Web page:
All of a sudden Kerry is getting hit over the head with being a husband and, as we’ll see, something else. It’s something that no twelve year old kids under normal circumstances ever deal with, but we all know Kerry is far from normal . . .
The moment Ms. Rutherford finished her statement Kerry began wondering just how much she actually knew about Annie and his relationship. There were only a few people who knew of the vision they shared, and while he was certain that Annie’s mother didn’t know about their vision, he was aware she’d seen his name in Annie’s wedding book. She knows Annie is serious about me, about what she wants to do. Her dad has to feel we’re not just a couple of kids holding hands. “He automatically knows I’m gonna marry Annie in the future?”
Bernice kept her face impassive, but she caught the way Kerry phrased his statement: Not “If I” but “I’m gonna marry”. He’s completely sure of where their relationship is going— “I’m sure he’s discussed you with Annie’s mother, and I’d venture that he was sizing you up as more to Annie than a boyfriend. He knows his daughter—”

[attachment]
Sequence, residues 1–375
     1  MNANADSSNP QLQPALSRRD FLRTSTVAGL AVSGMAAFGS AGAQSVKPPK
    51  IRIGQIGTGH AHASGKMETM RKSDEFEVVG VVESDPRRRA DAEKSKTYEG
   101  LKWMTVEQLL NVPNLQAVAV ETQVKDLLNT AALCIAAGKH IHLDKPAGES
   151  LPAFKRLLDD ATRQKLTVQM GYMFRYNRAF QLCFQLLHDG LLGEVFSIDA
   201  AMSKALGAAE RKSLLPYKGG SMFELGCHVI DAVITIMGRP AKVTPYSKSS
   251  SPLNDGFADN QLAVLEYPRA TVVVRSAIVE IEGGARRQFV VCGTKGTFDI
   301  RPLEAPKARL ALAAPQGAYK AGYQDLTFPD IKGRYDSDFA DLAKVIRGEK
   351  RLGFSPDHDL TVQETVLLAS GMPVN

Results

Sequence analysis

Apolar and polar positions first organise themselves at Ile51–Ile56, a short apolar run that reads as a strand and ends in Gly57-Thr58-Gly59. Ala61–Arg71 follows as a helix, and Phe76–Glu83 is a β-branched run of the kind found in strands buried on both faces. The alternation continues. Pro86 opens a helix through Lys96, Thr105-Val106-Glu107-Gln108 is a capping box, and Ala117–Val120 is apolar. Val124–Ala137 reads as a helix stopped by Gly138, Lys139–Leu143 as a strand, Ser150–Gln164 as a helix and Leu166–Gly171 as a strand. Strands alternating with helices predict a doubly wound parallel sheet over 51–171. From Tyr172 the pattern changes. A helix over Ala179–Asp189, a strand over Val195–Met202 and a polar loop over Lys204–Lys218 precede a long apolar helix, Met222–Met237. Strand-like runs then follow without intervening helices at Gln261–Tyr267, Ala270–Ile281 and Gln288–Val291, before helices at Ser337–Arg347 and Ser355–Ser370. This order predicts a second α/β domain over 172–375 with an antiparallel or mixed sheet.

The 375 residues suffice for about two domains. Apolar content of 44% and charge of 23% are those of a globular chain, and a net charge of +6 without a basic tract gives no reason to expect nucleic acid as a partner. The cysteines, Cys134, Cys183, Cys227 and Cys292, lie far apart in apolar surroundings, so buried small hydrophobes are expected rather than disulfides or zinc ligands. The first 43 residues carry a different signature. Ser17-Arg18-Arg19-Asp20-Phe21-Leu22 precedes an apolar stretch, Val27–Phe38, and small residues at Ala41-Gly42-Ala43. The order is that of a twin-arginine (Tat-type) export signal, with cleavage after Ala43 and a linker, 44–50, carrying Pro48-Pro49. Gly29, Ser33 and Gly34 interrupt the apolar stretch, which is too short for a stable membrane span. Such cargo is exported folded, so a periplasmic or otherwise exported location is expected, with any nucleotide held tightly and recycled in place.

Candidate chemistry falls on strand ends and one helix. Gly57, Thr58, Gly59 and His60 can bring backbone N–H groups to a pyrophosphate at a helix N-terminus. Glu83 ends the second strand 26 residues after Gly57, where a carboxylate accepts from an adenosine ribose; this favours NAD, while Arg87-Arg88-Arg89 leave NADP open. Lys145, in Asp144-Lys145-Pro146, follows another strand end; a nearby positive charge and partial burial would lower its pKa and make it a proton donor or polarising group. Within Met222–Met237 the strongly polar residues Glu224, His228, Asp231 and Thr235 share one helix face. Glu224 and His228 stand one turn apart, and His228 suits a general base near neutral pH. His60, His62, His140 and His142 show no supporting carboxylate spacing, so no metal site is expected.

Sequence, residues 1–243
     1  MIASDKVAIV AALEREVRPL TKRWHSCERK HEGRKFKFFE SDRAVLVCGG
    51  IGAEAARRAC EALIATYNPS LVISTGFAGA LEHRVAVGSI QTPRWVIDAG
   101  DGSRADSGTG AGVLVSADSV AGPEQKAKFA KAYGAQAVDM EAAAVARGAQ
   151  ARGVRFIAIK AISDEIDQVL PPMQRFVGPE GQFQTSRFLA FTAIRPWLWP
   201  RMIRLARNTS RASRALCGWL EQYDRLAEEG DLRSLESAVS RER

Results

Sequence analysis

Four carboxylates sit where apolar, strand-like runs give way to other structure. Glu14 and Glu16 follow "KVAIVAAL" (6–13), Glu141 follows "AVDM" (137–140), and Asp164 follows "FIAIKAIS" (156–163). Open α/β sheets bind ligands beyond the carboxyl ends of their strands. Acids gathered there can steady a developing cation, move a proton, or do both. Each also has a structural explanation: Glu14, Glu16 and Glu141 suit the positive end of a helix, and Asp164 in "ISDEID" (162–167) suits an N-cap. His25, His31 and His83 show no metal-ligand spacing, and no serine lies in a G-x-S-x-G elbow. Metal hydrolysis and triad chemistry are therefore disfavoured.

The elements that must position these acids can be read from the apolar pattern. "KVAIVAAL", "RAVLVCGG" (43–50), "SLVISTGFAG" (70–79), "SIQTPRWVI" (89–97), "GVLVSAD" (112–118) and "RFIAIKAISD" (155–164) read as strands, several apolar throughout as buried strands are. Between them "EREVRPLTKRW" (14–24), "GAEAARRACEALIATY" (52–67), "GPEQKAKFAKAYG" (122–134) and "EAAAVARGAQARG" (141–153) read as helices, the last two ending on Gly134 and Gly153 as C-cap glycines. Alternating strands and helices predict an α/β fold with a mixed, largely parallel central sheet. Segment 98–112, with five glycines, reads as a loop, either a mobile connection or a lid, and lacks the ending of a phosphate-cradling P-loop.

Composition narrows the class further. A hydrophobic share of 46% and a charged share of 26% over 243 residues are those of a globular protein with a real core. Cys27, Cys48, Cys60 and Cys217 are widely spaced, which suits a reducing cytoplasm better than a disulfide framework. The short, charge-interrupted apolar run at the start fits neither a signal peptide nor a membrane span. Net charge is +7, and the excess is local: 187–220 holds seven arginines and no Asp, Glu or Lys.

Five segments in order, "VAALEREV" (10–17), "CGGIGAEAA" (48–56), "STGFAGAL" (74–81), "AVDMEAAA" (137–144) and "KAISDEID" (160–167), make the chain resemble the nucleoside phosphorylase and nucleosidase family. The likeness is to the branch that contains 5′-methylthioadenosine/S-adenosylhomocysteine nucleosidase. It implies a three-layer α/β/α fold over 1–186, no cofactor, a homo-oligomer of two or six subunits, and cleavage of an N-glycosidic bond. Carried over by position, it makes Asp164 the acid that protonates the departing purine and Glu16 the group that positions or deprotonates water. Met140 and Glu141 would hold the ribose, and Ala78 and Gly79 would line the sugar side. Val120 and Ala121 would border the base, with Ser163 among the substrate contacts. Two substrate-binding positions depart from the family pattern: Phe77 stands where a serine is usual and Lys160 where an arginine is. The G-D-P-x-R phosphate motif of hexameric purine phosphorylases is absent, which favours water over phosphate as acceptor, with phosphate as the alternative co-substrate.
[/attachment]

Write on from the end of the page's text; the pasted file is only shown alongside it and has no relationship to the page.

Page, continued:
“And what Annie wants, Annie gets.” Kerry chuckled. “First time I’ve said that.”
“Really?” Bernice chuckled with him. “The thing to keep in mind here, Kerry, is that all fathers are usually a bit unsettled by their daughter’s boyfriends. They know they have the potential to become their husbands, and because they were once some girl’s boyfriend who then became their husband. And it doesn’t take them long to understand why their father-in-law was so unsettled by them, because they also waited for their daughters to tell them the one phrase they didn’t want to hear—”
“What’s that?” He couldn’t imagine Annie’s father being that upset by anything Annie would tell him . . . “’I’m getting married’?”
“No: ‘I’m pregnant’.”
Yeah, just keep hammering home those little witches waiting in the wings! The one’s who’ll have either red or chestnut hair and will get practice brooms when they’re five or six and ride around behind Mama and Papa in the yard, or maybe even down at Grandma’s and Grandpa’s big yard in Bulgaria, and then grow up and go to Salem and see pictures of their parents kissing two miles up in the air and hear the stories about how all they did was snog and eeeewwwwwww . . .